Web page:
The first I heard of the allegations against Woody Allen came with the publication of Dylan Farrow’s Open Letter in the New York Times. And I watched, as people around me began to debate the legitimacy of Farrow’s claims. I listened as people said that he “probably didn’t do it” and “we can never know;” that Allen was never convicted and it “wasn’t fair to believe he was guilty.” To some extent, people seemed unwilling to outright call Dylan Farrow a liar, but they were also unwilling to say that they believed Dylan Farrow.
I believe Dylan Farrow.
Woody Allen responded to Dylan Farrow’s story with his own Op Ed in the New York Times. In it, he explains that he had willingly cooperated with the investigations, that the medical team at Yale-New Haven Hospital had found no evidence of sexual misconduct, and that Dylan had been coached by her mother Mia Farrow, who raised the allegations out of spite. For those who are desperate to believe in Allen’s innocence, I am sure this came as a relief. Woody Allen never explicitly calls Dylan Farrow a liar, either: he refers to “expert testimony” that Dylan was likely a stressed out, vulnerable 7-year-old who was coached by her mother.
There are numerous problems with this story, however. For starters, many of his explanations are simply untrue. The Yale-New Haven medical testimony that Allen cites was rejected by Judge Wilkes as unreliable, and was not accepted by the Connecticut state prosecutor who commissioned it; the panel which submitted the testimony consisted of two social workers who never testified themselves, and a pediatrician who signed off without having met Dylan Farrow. In addition, though he says he willingly took a polygraph test, Allen actually refused to take one administered by the state police, and the one he took was taken by his legal team and was not accepted as evidence by the state. Allen may not have been tried, but the prosecutor publicly stated that he had probable cause to charge Woody Allen, but did not do so because the trial would have caused Dylan Farrow undue emotional harm.
Before I even read that background, however, I believed Dylan Farrow. I believe Dylan Farrow because my experience working with survivors of sexual assault and childhood sexual abuse tells me that we should believe survivors when they come forward. I believe Dylan Farrow because to come forward with allegations, in a society that rejects and punishes survivors of sexual violence, requires bravery and conviction. I believe Dylan Farrow because when we as a society refuse to accept the testimonies of survivors, we let perpetrators get away with abuse. I believe Dylan Farrow because there are thousands of Dylan Farrows out there who are too scared or feel too powerless to come forward the way she did.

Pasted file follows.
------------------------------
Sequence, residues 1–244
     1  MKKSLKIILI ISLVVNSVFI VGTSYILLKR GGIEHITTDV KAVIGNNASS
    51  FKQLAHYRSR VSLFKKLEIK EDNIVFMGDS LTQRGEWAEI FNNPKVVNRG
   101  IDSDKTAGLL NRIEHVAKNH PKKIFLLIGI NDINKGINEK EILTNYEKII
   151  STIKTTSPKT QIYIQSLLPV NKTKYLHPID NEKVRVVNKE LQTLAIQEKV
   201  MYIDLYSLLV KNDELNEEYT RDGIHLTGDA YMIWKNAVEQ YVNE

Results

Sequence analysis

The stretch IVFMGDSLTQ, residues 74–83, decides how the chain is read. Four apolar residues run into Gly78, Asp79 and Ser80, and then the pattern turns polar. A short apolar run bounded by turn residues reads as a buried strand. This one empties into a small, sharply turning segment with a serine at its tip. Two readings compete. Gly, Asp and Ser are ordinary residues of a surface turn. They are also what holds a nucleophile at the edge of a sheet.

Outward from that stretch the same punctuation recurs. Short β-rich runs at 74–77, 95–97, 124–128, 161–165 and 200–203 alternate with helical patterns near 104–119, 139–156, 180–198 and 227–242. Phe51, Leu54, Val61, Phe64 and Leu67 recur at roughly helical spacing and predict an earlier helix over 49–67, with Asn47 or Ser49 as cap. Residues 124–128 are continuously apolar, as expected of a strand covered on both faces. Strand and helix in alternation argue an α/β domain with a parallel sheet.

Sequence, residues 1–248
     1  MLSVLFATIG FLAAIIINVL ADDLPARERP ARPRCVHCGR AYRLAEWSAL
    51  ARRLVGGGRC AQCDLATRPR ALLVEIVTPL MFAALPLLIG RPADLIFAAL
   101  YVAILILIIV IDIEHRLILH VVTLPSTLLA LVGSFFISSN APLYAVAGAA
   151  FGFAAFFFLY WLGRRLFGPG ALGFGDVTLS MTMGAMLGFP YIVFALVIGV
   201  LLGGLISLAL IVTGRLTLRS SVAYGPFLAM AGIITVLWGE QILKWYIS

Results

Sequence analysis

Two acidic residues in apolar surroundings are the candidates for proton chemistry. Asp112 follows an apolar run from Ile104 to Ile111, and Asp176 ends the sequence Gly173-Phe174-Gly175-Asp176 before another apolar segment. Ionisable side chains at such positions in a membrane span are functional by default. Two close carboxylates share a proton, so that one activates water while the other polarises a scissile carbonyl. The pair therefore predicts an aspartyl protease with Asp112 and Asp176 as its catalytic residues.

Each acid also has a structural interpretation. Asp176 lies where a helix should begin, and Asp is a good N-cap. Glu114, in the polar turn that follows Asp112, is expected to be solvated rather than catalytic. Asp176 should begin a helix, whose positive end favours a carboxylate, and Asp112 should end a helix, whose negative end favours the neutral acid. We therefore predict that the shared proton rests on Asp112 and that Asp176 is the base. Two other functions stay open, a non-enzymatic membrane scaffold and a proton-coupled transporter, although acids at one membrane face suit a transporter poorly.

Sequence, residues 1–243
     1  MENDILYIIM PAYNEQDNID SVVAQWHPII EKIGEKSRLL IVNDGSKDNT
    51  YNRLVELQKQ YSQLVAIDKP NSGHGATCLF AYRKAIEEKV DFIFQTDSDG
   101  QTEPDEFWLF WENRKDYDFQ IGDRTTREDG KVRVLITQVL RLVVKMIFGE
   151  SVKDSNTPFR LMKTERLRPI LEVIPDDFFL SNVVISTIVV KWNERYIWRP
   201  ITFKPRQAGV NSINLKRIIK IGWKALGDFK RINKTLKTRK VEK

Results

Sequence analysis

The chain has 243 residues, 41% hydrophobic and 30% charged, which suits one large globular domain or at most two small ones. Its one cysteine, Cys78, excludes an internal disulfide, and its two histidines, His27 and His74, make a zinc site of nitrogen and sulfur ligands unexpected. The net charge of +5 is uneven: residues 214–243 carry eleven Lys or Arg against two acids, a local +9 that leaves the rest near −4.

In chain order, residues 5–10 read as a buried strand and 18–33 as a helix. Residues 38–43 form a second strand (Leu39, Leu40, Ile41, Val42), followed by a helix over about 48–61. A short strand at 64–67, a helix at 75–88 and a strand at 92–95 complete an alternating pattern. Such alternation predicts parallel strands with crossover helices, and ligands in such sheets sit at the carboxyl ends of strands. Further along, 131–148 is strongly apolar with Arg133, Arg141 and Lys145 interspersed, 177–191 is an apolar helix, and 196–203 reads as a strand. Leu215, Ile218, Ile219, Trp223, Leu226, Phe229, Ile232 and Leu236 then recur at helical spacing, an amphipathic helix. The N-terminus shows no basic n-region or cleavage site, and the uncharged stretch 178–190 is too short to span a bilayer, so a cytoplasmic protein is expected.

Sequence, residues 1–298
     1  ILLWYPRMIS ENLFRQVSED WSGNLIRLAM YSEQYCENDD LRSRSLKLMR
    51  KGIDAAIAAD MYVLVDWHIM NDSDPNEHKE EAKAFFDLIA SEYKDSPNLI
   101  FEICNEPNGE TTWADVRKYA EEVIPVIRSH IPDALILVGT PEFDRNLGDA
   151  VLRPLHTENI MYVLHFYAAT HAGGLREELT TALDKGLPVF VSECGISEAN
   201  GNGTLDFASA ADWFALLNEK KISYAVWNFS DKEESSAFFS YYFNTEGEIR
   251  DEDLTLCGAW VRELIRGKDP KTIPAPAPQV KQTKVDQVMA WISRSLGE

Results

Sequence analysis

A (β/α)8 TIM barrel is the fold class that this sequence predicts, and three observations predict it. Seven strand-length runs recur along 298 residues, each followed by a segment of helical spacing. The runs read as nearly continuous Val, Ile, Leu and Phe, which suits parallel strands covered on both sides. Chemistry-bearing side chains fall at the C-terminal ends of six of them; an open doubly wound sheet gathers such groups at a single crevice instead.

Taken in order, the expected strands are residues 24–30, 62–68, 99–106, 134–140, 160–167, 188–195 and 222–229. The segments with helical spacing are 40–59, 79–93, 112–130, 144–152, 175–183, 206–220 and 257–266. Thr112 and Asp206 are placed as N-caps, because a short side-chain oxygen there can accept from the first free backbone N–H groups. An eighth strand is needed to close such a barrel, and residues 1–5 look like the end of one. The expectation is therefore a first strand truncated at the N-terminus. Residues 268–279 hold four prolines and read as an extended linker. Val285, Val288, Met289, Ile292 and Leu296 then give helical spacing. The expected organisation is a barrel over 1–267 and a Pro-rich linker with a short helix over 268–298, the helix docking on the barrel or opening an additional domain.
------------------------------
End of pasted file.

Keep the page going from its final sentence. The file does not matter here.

Andrea Grimes of RH Reality Check recently published her own account of coming to terms with childhood sexual assault. She criticizes the ways in which we dismiss the testimony of survivors in favor of that of “experts” who were not even there. Medical evidence is difficult to acquire, and survivors of any sexual violence, and particularly childhood sexual abuse, are likely to tell incoherent or inconsistent stories as they struggle to make sense of things; and as parents or other adults have to explain to them the right terms to use or the significance of what has happened, the stories start to sound rehearsed-~-in many cases causing people to dismiss the testimony of young survivors.
But if it’s impossible for young survivors to be believed, then the game is rigged. The statistics tell us that one in five girls and one in twenty boys is the victim of childhood sexual assault, but no one wants to believe it when a survivor is looking them in the eye and telling them what happened. That’s not just true of childhood sexual assault. In the last few years, we have witnessed horrible backlash against survivors of sexual assault who came forward, as people refused to believe them or blamed them for what had happened.
The only way for us to make our world safer is for us to start believing survivors of violence when they come forward. For too long, we’ve been set on a particular narrative of what it means to be a victim, and rejected everything else; for too long, we’ve prioritized people according to their status instead of their stories. The more stories that survivors are able to tell, the more people begin to listen to them, the more society will eventually come to terms with what is happening, and finally be able to change it.
I know I’m not a judge, I’m not a jury, and my opinion here means nothing. I know you might say that this was never decided in court, and now it’s too late for that to happen. I know you might say that Dylan Farrow was being opportunistic. But listen to her story. What would it take for you to believe her? Why do we reject, on face, the idea that just because someone is famous or powerful, that they might also be guilty?
I may not have any authority, but I’ve watched as facts have come to light, and I’ve read Dylan Farrow’s story.
And I believe Dylan Farrow.